I. PURPOSE: To familiarize with combinational and sequential logic circuits. Combinational circuits are logic circuits whose outputs respond immediately to the inputs; there is no memory. In a sequential logic circuit the outputs depend on the inputs plus its history; i.e. it has memory.

    Experimental Section-1 You will build an ADDER (using 7400-NAND and 7402-NOR gates), as an example of combinational logic circuit.

    Experimental Section-2. Sequential logic circuits are introduced through the construction of a RS latch (using NAND gates), which will help us to attain an understanding about how memory is developed in logic circuits. Stability in the RS latch is obtained by implementing a series of gate controls, all of which lead to the development of the JK flip flop. Commercially available JK flip flops will be used to construct an hexadecimal and a decimal ring counter.

    To gain hands on experience on the software design, you will be required to LabView design a 3-to-8 decoder using combinational logic circuits.

    II. THEORETICAL CONSIDERATIONS

    II.1 How is information coded in electronic digital form?

    II.1A Defining the digital levels using a transistor switch

    II.1B Counting objects: Decimal and binary system

    II.1C Digital electronics II.1A Digital levels

    Consider the transistor switch circuit shown in Fig.1

    Notice, if Vin < 2.1 Volts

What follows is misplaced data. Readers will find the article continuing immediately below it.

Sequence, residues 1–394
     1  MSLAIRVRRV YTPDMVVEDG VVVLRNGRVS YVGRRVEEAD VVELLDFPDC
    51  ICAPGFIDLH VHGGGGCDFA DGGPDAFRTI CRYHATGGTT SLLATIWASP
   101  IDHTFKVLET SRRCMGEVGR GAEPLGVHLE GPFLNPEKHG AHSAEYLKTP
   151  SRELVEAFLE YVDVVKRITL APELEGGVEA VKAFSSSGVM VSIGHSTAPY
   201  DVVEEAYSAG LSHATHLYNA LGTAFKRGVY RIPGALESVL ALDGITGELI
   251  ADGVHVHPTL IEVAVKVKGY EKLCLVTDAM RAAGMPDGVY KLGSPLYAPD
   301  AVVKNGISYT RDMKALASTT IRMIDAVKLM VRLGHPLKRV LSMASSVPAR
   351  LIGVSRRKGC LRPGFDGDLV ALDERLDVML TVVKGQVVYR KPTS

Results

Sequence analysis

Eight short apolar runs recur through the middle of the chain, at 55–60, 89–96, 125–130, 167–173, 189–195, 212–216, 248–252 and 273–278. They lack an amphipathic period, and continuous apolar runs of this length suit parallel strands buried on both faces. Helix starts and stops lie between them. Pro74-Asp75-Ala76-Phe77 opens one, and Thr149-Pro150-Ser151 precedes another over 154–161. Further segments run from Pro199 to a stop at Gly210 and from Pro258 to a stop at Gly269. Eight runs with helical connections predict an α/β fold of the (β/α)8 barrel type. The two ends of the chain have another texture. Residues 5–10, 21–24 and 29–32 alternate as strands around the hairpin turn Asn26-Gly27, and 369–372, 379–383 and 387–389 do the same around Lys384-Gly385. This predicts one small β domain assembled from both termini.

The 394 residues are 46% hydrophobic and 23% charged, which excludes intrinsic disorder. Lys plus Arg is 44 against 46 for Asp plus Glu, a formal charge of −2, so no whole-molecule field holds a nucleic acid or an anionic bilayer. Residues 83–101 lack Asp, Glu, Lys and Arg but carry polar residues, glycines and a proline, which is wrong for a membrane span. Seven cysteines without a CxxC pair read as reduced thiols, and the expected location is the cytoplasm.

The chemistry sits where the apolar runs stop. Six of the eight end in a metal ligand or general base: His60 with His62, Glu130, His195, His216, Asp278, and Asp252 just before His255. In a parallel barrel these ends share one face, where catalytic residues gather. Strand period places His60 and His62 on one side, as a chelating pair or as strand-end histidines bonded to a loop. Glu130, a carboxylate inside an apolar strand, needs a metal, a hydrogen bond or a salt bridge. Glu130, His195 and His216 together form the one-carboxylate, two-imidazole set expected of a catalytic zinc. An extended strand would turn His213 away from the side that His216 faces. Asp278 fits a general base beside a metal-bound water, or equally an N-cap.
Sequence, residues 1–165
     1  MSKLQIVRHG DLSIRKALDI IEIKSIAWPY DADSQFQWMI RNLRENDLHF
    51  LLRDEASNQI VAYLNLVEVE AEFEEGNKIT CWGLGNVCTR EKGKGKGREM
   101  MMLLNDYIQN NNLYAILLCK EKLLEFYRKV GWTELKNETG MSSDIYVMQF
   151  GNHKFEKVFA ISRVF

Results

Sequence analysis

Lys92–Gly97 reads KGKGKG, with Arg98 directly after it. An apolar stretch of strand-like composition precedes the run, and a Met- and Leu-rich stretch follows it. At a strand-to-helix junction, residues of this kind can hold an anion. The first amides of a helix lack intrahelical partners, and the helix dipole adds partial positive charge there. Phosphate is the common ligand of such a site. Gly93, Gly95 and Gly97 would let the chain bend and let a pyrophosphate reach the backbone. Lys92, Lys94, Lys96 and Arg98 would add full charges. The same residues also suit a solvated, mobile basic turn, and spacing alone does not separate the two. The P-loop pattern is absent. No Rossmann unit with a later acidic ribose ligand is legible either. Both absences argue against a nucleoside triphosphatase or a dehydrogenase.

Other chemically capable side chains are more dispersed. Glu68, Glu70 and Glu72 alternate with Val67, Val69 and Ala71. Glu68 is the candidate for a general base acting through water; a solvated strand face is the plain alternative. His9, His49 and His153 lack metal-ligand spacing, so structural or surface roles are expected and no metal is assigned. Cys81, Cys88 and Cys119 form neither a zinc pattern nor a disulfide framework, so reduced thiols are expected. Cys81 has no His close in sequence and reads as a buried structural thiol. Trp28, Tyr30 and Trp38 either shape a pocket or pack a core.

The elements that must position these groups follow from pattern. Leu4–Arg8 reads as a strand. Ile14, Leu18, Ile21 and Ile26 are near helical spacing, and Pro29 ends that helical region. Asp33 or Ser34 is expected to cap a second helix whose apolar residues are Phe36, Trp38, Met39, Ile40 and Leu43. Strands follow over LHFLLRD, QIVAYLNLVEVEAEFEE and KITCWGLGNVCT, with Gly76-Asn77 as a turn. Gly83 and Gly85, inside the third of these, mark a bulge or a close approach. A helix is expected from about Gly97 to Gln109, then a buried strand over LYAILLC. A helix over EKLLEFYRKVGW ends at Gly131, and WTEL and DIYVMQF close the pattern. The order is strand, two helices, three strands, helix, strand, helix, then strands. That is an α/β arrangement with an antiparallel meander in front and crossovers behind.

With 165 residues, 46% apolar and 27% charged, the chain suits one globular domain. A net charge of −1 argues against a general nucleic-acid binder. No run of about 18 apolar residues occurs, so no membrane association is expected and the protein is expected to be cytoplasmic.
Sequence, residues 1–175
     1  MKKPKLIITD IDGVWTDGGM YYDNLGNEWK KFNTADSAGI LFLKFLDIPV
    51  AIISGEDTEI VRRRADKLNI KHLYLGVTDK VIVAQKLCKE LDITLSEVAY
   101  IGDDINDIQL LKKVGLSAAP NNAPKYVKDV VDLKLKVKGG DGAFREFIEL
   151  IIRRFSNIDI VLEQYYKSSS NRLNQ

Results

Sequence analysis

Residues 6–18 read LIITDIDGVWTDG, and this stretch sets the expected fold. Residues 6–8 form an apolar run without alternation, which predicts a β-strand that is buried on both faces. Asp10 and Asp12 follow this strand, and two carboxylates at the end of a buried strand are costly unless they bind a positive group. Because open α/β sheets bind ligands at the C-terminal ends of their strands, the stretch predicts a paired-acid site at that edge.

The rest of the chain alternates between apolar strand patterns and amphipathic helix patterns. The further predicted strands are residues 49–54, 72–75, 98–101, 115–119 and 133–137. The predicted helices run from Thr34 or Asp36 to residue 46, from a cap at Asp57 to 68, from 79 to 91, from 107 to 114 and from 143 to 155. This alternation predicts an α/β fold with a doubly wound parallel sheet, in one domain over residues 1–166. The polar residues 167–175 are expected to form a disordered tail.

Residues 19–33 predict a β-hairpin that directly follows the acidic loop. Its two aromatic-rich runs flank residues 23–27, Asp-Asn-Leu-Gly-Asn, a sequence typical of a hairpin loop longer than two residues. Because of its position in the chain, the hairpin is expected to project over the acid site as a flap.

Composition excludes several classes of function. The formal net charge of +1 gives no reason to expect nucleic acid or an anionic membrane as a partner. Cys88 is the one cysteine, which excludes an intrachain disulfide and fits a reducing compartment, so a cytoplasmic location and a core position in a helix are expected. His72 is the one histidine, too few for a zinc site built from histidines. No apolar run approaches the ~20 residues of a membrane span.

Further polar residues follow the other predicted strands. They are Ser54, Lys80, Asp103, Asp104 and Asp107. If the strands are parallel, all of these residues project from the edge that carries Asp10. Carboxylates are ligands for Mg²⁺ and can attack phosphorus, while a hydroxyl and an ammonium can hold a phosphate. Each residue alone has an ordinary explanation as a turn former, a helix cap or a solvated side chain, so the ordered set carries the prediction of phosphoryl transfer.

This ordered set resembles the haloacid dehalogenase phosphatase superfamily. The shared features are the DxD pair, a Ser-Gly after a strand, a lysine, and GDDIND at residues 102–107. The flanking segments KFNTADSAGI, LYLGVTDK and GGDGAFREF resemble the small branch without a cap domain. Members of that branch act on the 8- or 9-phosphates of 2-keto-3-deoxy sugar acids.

The BE diode would be reversed biased, therefore there will be no flow of electrons from E to B. That is, the transistor would be OFF.

    No IB current, no collector current. It implies Vout= VCC = 5 volts (Digital level 1).

    If Vin > 2.1 .

    As Vin increases, the transistor moves out from cutoff along the loading line.

    Further increase of Vin makes the transistor reach the saturation stage, IC= 5 mA. For a transistor of B transistor. Thus, by applying an input voltage equal to, for example Vin = 3(0.7) +

    So, we expect that for input voltages in the range 2.1V

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    Note: In these digital electronics applications the transistor is not used in the active region.

    Vin

    E

    VCC (+5 V)

    npn

    RC =1k

    10k

    B VCE

    C

    IC

    IB

    Vout

    IC

    VCE=Vout

    Saturation

    Cutoff

    +5 V

    50 A

    IC = VCC/RC (1/RC)Vout

    5 mA

    Fig.1 Transistor switch. For Vin< 2.1V the output level is 5V; for Vin>2.6 V the output levels is close to 0 V.